MA in Rhetoric Alumna Impacts Communities Through Arts Initiatives
Sarah York Rubin (DC'07) has major plans for the Santa Barbara County Arts Commission. As the organization's new executive director, she hopes to work with other members of the commission to make art increasingly accessible to diverse residents across Santa Barbara County.
Even while she was studying in Carnegie Mellon University’s Master of Arts in Rhetoric program, Rubin demonstrated leadership potential—one of the characteristics that helped her earn a prestigious Fulbright Scholarship in 2007. Rubin studied in Hong Kong for her fellowship, focusing her research on the role of the city’s public radio network in establishing a deliberative democracy that encourages citizen participation in civic affairs.
In the English Department, she explored her interests in public radio and disaster relief—specifically, the communications surrounding Hurricane Katrina. Rubin's graduate thesis analyzes the former New Orleans Mayor Ray Nagin's speeches while drawing upon her personal experiences volunteering during the aftermath of the natural disaster. She also examined the large amount of Pittsburgh churches that had been converted to businesses and even bars, and what allowed people to communicate that change.
“Rhetoric enabled me to apply language to real time, real life situations, to be engaged in my surroundings while at the same time having that strong academic discourse,” said Rubin. “It was a fantastic outlet for me to continue in academia and be present in my community.”
As someone who is an intellectual, yet immerses herself in the arts—she founded the Washington D.C. Indie Music Festival and used to be a voice artist for MTV and Comedy Central cartoons—Carnegie Mellon’s rhetoric program was a perfect fit.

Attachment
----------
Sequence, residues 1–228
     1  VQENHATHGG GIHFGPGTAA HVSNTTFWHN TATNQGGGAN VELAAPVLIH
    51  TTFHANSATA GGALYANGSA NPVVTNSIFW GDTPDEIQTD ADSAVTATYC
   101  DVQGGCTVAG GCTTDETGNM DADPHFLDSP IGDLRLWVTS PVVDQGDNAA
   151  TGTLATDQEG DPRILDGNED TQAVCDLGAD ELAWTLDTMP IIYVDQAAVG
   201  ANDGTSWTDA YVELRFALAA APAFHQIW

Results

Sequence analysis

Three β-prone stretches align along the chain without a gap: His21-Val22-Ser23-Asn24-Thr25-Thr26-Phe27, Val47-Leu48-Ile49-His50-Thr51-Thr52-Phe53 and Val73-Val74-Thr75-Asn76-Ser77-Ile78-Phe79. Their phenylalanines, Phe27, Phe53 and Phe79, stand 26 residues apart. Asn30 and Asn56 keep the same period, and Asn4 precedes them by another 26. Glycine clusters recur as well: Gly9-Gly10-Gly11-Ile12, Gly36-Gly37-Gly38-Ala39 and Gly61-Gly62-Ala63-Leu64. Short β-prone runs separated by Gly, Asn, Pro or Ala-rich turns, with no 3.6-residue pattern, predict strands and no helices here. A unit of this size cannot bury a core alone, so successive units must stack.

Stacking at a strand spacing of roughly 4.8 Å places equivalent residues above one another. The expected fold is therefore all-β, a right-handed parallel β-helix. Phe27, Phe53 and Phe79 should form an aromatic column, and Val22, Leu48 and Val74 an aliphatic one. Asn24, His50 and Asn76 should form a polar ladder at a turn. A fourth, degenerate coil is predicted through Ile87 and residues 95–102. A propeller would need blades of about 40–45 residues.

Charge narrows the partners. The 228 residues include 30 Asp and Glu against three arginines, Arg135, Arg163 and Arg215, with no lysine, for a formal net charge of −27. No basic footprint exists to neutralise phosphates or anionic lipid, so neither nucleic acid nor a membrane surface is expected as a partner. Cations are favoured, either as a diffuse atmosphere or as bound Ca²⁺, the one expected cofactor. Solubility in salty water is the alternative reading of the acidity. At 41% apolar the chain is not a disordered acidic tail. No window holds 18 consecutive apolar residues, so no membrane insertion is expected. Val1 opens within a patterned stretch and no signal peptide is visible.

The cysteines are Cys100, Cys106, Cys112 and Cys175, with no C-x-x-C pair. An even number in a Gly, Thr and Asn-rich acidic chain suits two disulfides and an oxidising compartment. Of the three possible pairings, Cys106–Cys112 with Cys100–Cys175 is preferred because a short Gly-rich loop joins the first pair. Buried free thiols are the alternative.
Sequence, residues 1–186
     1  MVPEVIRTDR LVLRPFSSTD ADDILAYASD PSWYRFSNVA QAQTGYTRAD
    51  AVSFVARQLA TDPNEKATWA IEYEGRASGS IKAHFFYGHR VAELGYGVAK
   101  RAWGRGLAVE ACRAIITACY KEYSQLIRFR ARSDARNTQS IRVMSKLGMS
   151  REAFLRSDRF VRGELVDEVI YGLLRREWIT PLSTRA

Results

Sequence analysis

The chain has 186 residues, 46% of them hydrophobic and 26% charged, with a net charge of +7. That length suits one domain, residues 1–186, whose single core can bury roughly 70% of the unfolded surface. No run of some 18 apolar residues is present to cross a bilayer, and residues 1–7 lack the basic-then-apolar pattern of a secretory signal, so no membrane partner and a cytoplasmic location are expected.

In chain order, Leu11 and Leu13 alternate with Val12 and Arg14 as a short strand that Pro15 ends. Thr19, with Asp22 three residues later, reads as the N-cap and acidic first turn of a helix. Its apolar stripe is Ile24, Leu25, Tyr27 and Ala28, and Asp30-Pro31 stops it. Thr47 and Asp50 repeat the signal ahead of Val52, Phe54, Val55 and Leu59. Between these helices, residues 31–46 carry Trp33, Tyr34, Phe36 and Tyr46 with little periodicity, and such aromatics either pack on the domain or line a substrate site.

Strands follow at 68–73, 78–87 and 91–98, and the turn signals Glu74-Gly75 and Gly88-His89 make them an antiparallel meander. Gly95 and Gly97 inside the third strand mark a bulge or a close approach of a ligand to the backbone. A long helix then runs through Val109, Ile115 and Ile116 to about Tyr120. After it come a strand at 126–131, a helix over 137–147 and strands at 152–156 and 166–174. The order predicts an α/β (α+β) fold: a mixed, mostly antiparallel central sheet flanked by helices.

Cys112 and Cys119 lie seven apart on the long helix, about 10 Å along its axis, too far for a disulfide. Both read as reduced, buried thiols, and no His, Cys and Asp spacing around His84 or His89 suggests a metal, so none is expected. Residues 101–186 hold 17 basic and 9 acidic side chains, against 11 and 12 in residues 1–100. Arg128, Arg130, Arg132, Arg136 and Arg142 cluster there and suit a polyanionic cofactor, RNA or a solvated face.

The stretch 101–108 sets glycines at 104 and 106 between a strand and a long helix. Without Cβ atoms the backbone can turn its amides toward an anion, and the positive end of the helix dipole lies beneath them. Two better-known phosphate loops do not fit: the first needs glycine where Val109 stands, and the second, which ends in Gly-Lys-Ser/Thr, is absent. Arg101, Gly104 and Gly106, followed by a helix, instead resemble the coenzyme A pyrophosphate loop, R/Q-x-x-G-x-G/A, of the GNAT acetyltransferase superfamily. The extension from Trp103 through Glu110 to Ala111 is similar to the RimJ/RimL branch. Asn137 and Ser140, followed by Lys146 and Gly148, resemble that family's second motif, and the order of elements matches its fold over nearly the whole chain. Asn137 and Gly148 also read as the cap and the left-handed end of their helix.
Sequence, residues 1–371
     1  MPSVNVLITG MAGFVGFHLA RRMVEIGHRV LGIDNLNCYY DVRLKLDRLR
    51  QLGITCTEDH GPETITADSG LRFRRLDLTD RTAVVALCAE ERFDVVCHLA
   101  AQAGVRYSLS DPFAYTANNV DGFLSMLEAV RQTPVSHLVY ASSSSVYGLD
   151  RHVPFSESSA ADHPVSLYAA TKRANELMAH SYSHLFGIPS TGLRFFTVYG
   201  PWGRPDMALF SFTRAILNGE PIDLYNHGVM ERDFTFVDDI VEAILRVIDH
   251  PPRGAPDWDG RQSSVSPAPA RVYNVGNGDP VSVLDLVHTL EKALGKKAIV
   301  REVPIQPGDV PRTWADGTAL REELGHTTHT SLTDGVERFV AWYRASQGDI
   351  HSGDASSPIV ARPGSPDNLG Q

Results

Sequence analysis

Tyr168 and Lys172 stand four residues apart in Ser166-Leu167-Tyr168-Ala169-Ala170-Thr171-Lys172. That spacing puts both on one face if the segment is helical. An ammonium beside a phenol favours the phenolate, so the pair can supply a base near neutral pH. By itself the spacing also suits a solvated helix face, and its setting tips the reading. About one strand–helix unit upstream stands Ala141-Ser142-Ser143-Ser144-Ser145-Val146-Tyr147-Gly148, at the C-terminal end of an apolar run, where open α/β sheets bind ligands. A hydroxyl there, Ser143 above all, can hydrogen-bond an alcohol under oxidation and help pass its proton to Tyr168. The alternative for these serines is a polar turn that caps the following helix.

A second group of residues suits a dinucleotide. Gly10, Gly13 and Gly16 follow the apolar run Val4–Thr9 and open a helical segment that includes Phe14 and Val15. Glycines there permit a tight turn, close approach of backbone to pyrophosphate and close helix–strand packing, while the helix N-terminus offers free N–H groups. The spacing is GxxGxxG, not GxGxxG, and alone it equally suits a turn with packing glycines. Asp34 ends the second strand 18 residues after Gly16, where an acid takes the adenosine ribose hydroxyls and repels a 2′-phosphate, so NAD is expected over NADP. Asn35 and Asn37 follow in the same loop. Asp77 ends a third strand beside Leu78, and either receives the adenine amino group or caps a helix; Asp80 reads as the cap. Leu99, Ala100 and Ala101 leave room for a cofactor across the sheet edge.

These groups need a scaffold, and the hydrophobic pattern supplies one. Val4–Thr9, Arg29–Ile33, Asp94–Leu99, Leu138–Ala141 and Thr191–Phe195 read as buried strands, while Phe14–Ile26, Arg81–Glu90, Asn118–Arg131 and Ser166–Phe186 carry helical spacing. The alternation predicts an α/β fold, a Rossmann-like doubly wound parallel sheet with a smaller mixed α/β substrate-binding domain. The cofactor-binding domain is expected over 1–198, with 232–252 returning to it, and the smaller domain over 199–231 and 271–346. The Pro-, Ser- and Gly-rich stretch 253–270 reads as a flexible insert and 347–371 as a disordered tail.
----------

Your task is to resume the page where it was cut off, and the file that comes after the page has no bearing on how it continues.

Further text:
What initially drew her to the program were the friendly and accessible professors whose work often crosses disciplines.
“They were candid, welcoming and real,” she said. “They treated me with a great deal of respect. The thing that really struck me though was how they were engaged with the Pittsburgh community, with each other and cross-departmentally.”
She saw English Professor Linda Flower applying well-grounded applications of rhetoric to the Carnegie Mellon Community Think Tank, Chris Neuwirth working in both the English Department and Human-Computer Interaction Institute and Suguru Ishizaki’s research at the intersection of communication and design.
Rubin said classes, such as ‘Contemporary Rhetorical Theory’ with Andreea Deciu Ritivoi, professor and head of the English Department, and ‘Theories of Language’ with Paul Hopper, the Paul Mellon Distinguished Professor Emeritus of the Humanities, taught her how to synthesize information into constructive ideas, which is something she said she does on a daily basis.
“Andreea Ritivoi and Paul Hopper did such an excellent job of grounding what seemed to be this high-level analytical work into real conversations about values and applications in my classes with them,” she said. “I am a more capable human on the planet because of the conversations we had in those classes and the ways they taught us to deconstruct the information we receive and make working models moving forward.”
Hopper remembers classes that Rubin was in as having an “unmistakable buzz.”
“Rubin had a sparkling personality combined with faultless insight who thought things through at several levels,” he said. “Her new position in Santa Barbara is a major coup for the English Department and for CMU.”
Rubin is still a familiar face around the English department and keeps in touch with former professors, such as Ritivoi, because of the close relationships she developed with them while studying in Carnegie Mellon’s rhetoric program.
“Sarah was one of the most creative students I've worked with at Carnegie Mellon. This became clear to me very early in her MA study,” said Ritivoi.
Ritivoi recalls Rubin asking her for a recommendation letter for her Fulbright application.
“She was concerned I wouldn't feel comfortable writing it because it was early on her stay at CMU,” said Ritivoi. “I told her I had seen enough already to support her application. She quickly made a deep and lasting impression on me, as I know she makes on others.”
Before Rubin’s move to California, she served as the executive director of Pittsburgh’s Hillman Center for Performing Arts at Shady Side Academy for eight years. She is the recipient of an Academy of American Poets Prize and earned her bachelor of arts in creative writing and English from the University of Michigan. After graduating from Carnegie Mellon, Rubin went on to earn an executive certificate in nonprofit management from Georgetown University’s Public Policy Institute.
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